More than 1 in 2 critically ill patients in the Intensive Care Unit develop acute kidney injury (AKI). A proportion of patients need dialysis treatment, also known as replacement therapy (RRT). The aim of RRT is to remove toxins and excess fluid which may have accumulated because of kidney failure. RRT can be life-saving but has side effects. It requires the insertion of a catheter into a large vein in the neck or groin. This can be complicated by bleeding and blood stream infections. In addition, RRT is expensive. At present, it is not clear whether it is best to start RRT only when patients have evidence of severe AKI or whether it is better to initiate RRT earlier, i.e. as soon as patients have signs of impaired kidney function. This study aims to answer this question. Patients in the ICU with early AKI will be randomised to RRT using standard criteria versus accelerated (earlier) RRT. The aim is to find out whether either strategy improves the chances of survival and/or recovery of kidney function. Data is collected according to baseline characteristics (age, gender, reason for ICU admission), timing of RRT, hospital outcome, and survival status, health status and degree of kidney function at 90 days and 1 year. The results of this study will inform clinicians about the optimal time when to commence RRT so that patients receive RRT when they benefit most. The study will also inform clinicians when RRT can be safely withheld without harming the patient.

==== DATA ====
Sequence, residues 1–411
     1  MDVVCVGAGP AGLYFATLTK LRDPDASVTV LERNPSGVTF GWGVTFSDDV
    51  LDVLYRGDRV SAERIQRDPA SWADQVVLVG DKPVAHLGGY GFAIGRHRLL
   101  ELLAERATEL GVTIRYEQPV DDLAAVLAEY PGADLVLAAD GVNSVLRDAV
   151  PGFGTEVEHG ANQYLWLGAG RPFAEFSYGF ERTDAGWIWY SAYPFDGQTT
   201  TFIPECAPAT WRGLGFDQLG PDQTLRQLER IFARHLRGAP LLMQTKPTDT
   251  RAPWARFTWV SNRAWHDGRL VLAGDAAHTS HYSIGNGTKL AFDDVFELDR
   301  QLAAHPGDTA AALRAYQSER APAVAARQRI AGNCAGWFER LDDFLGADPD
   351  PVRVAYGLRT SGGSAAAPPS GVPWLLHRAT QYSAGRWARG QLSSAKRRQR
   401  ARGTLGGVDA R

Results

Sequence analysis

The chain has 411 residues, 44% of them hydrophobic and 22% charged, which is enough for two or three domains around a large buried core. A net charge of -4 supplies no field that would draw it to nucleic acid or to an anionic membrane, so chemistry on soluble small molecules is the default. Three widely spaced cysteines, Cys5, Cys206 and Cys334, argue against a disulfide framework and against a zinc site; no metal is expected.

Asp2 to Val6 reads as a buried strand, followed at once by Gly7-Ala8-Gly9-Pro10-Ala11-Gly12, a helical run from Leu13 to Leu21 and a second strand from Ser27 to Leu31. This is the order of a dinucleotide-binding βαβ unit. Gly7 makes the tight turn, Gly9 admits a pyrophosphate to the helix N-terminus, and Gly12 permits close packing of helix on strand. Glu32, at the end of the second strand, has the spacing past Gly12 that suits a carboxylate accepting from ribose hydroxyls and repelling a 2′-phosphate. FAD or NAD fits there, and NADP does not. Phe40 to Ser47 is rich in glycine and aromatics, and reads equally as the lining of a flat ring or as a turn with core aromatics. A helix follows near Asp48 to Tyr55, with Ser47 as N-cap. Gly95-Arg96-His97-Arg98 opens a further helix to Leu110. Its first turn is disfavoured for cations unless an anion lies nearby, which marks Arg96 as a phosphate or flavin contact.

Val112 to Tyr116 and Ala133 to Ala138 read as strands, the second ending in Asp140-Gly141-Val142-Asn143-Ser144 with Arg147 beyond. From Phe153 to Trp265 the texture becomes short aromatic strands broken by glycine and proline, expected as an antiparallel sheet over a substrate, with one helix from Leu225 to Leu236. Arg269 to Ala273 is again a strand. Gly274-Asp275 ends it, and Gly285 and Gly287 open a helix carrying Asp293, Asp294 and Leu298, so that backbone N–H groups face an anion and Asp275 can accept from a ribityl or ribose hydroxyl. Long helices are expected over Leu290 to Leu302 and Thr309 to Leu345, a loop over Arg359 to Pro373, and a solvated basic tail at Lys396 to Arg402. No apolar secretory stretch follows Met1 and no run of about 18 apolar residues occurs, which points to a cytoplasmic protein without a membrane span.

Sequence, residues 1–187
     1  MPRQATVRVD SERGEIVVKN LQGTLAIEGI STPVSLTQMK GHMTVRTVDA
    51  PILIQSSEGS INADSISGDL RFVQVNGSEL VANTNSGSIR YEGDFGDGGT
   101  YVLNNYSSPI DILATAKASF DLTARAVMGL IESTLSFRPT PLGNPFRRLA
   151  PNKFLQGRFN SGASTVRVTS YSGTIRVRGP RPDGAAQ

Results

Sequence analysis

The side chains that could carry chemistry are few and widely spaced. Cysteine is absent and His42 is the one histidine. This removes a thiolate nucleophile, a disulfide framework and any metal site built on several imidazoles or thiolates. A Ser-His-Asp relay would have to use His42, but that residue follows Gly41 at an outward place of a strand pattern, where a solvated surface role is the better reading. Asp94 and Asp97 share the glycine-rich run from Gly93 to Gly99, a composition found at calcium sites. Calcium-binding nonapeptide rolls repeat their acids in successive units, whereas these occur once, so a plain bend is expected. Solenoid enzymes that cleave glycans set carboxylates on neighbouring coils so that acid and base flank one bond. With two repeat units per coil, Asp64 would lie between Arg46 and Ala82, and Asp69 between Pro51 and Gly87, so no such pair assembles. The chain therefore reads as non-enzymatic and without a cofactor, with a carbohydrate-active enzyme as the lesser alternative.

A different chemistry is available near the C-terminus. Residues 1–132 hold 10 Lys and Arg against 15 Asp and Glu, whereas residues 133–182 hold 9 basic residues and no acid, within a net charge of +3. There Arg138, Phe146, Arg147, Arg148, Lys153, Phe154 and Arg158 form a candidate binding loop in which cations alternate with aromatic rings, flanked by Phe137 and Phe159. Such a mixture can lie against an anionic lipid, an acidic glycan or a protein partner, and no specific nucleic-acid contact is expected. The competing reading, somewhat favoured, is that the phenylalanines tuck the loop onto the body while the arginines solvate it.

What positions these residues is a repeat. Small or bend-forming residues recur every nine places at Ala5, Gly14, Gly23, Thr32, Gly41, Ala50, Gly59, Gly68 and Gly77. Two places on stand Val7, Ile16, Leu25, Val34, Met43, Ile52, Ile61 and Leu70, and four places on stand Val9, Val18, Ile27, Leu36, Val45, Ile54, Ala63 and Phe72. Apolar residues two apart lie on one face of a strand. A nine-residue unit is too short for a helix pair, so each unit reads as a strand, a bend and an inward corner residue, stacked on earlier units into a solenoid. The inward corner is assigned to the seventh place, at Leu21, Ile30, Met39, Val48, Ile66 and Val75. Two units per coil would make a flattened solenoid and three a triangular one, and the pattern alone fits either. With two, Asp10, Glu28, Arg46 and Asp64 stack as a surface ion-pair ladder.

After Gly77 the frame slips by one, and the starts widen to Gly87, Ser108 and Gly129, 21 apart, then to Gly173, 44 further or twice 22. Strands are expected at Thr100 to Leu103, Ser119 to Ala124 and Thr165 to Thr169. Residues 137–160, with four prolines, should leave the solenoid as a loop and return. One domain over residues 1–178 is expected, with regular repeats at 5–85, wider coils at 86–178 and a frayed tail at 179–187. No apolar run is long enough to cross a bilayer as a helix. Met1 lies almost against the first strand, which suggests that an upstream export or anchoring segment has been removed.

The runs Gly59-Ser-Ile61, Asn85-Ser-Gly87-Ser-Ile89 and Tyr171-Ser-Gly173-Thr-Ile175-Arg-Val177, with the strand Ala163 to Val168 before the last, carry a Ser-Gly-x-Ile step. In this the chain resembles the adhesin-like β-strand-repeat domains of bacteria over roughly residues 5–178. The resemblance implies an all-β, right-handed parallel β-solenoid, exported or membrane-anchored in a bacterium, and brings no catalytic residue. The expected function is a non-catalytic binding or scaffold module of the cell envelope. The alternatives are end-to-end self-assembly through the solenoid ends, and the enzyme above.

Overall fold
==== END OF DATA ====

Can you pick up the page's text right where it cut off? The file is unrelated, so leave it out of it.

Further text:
To determine whether, in critically ill patients with severe acute kidney injury (AKI), randomization to accelerated initiation of replacement therapy (RRT) compared to a conservative strategy consistent with standard care, leads to improved survival at 90 days.
Dr Marlies Ostermann